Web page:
ACEP ID:

Pediatric Emergency Medicine

Neonatal Seizures-Not a Benzo Deficiency!

Sean M. Fox, M.D.
Assistant Professor
Adult and Pediatric Emergency Medicine
Carolinas Medical Center; Charlotte, NC

Neonatal Seizures-Not a Benzo Deficiency!  

We are all rather accustomed to managing the patient who is having a seizure. ABCDs… Airway, Breathing, Circulation, and Disrobe… and then Benzos if there is still shaking.  This method works pretty well. But one population that deserves some specific attention is the neonate who is having a seizure.  As is often the rule, “don’t trust a neonate!”

Neurological dysfunction in a neonate is frequently demonstrated by neonatal seizures.

  • Incidence is estimated at ~3 /1,000 live births.
  • Pre-term neonates have a much higher incidence (57 to 132 /1,000 live births)
  • Most (80%) occur in the first days to week of life.

 

Neonatal Seizures can be difficult to recognize clinically.

  • Generalized tonic-clonic activity is not common.
  • There will be no recognizable post-ictal state. (They kind of live in a post-ictal state at that age, so you wouldn’t notice any difference.)
  • Usually subtle – so before you dismiss the parental concern, listen carefully… and observe!
  • Types

(1)  Subtle Sz (50%)

(a)   Often overlooked

(b)  Can be misconstrued as normal behaviors and reactions.

(c)   Ocular movements, oral-buccal-lingual movements, progression movements (ex. rowing, swimming, pedaling, thrashing), Complex Purposeless Movements.

(2)    Clonic Sz (25%)

(a)   Rhythmic jerking

(b)  Todd’s Paresis can follow prolonged hemi-convulsions.

(3)    Myoclonic Sz (20%)

(a)   Rapid, single or arrhythmic repetitive jerking

(b)  May mimic the Moro reflex

(c)   Myoclonic Sz is associated with the most severe brain damage; however, can also occur in healthy neonates with abundant myoclonic movements occurring during sleep.

(4)    Tonic Sz (5%)

(a)   Sustained contraction.

(b)  May be focal, multifocal, or generalized.

(c)   May mimic decerebrate or decorticate posturing.

 

Etiologic Considerations

  • INFECTION

(1)    Ok, so this is not actually the most common cause, but it is still the one that we must consider first in our initial evaluation.

(2)    Meningoencephalitis must be excluded in all neonates with seizures.

(3)    In addition to group B Strep (GBS), E. coli, and Listeria, do not forget TORCHeS, which can present as seizures.

  • Hypoxic-Ischemic Encephalopathy (HIE)

(1)    Most common cause

(2)    Most seizures due to HIE manifest within the first 48hrs of life.

  • Intracranial Hemorrhage

(1)    Intraventricular and periventricular hemorrhage (particularly preterm kids)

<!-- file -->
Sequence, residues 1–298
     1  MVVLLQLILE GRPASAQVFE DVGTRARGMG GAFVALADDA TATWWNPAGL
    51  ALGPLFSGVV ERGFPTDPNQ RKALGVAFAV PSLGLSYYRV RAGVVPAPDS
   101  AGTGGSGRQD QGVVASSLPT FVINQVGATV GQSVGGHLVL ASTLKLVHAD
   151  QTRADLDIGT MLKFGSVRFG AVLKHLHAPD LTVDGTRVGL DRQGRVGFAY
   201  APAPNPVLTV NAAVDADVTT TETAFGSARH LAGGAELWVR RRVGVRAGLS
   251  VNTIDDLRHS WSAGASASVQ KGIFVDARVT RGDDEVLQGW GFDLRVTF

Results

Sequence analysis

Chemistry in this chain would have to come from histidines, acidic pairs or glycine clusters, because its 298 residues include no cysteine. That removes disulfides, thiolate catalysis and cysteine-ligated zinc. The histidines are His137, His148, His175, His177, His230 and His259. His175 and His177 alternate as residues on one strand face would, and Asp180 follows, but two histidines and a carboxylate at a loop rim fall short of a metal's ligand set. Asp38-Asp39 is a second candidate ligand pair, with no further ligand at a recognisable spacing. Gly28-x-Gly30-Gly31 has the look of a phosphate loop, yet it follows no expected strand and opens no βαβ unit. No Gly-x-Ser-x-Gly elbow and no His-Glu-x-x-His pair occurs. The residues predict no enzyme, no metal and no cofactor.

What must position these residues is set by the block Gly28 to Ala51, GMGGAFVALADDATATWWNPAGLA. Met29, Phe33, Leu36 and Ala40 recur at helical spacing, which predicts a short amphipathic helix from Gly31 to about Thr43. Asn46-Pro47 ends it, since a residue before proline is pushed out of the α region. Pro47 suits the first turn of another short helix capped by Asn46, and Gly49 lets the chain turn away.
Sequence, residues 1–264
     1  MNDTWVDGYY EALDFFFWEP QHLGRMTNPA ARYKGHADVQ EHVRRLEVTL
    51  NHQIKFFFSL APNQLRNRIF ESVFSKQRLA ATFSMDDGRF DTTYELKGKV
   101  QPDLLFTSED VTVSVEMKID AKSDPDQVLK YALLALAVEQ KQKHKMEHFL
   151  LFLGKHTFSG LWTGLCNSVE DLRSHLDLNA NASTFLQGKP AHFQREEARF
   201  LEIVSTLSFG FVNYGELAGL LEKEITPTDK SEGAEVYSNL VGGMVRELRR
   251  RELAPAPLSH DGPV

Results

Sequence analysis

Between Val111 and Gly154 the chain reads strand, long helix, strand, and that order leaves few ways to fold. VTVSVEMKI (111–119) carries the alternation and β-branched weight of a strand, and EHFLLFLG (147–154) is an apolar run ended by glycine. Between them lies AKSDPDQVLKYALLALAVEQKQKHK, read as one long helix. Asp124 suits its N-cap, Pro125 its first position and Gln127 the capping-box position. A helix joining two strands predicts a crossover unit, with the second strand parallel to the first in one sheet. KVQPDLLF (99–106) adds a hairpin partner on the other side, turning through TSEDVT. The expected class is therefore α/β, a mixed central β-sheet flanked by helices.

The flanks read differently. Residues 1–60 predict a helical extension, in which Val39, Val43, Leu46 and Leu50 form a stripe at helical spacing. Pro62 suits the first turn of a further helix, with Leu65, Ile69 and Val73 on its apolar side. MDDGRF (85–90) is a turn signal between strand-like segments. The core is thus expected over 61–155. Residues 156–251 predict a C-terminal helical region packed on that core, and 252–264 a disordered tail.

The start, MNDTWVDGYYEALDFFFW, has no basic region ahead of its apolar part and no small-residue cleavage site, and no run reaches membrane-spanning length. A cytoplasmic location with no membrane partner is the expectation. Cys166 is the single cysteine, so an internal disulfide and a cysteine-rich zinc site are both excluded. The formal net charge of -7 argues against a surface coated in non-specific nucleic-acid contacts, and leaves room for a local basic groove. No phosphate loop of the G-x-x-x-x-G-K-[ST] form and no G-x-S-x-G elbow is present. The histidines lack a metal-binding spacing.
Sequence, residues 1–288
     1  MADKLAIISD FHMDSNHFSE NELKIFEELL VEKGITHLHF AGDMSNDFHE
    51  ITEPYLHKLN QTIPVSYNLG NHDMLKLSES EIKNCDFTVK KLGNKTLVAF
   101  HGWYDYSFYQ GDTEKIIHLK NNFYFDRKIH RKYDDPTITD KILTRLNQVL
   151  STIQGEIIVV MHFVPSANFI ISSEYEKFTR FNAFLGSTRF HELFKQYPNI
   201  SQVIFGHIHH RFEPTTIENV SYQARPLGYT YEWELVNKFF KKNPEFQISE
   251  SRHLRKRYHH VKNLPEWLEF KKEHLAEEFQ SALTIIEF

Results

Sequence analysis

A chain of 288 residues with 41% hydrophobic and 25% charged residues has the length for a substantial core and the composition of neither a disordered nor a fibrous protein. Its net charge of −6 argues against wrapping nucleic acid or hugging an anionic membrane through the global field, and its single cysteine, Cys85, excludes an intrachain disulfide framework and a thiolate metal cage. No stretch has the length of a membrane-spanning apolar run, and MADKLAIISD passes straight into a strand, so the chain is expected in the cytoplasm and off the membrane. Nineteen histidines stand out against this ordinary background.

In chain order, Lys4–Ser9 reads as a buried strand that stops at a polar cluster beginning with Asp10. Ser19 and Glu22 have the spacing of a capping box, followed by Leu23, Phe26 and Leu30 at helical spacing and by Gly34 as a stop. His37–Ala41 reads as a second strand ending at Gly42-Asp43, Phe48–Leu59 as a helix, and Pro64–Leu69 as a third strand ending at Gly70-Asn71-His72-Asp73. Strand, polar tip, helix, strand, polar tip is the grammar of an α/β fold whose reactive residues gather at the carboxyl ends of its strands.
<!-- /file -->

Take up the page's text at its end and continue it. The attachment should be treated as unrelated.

(2)    Subarachnoid, intraparenchymal, or subdural more common in term kids.

(3)    May occur “spontaneously” or from trauma (consider NAT always)

  • Metabolic

(1)    Hypoglycemia, hypocalcemia, hypomagnesemia are most common metabolic causes.

(2)    Inborn Errors of Metabolism (i.e., amino acid and organic acid disorders, hyperammonemias) can also lead to these derangements and subsequent seizures.

(3)    Pyridoxine deficiency should also be considered.

  • Others

(1)    Cerebral malformations

(2)    Drug withdrawal and toxicity (i.e., maternal narcotics, intrapartum maternal medications, inadvertent local anesthetic injection into the neonates scalp)

(3)    Neurocutaneous syndromes (i.e., tuberous sclerosis)

NOTE: Just because you found one possible etiology, does not mean that another does not exist concurrently.  Hypoglycemia may be present along with meningitis.  So, do not waver from your initial concern for meningitis when you find out the glucose is 20. Naturally, treat the glucose, consider other inborn errors of metabolism, then perform the lumbar puncture and give antibiotics.

 

A “rational, initial evaluation” – at least I think so.

  • Thorough H+P (naturally… but seriously, look for bulging fontanel, pt’s tone, signs of abuse, dysmorphic characteristics, HSM, rashes, genital exam, etc!)
  • Obtain serum electrolytes with glucose, calcium, magnesium, and phosphorus.
  • Obtain cerebral spinal fluid [CSF] (even if the electrolytes return abnormal).
  • Neuroimaging

(1)    Cranial Ultrasound can be done first. It is excellent at showing intraventricular and parenchymal hemorrhage, but cannot detect subarachnoid hemorrhage (SAH) or subdural hematoma (SDH).

(2)    Head CT scan or MRI can also be performed (although I’d favor CT scan while in the ED).

  • You may want to draw and hold extra blood for further inborn errors of metabolism work-up.
  • Admit for EEG and further management and monitoring.

 Reference

  1. Panayiotopoulos CP. Chapter 5: Neonatal Seizures and Neonatal Syndromes in The Epilepsies: Seizures, Syndromes, and Management. Bladon Medical Publishing; 2005.

 

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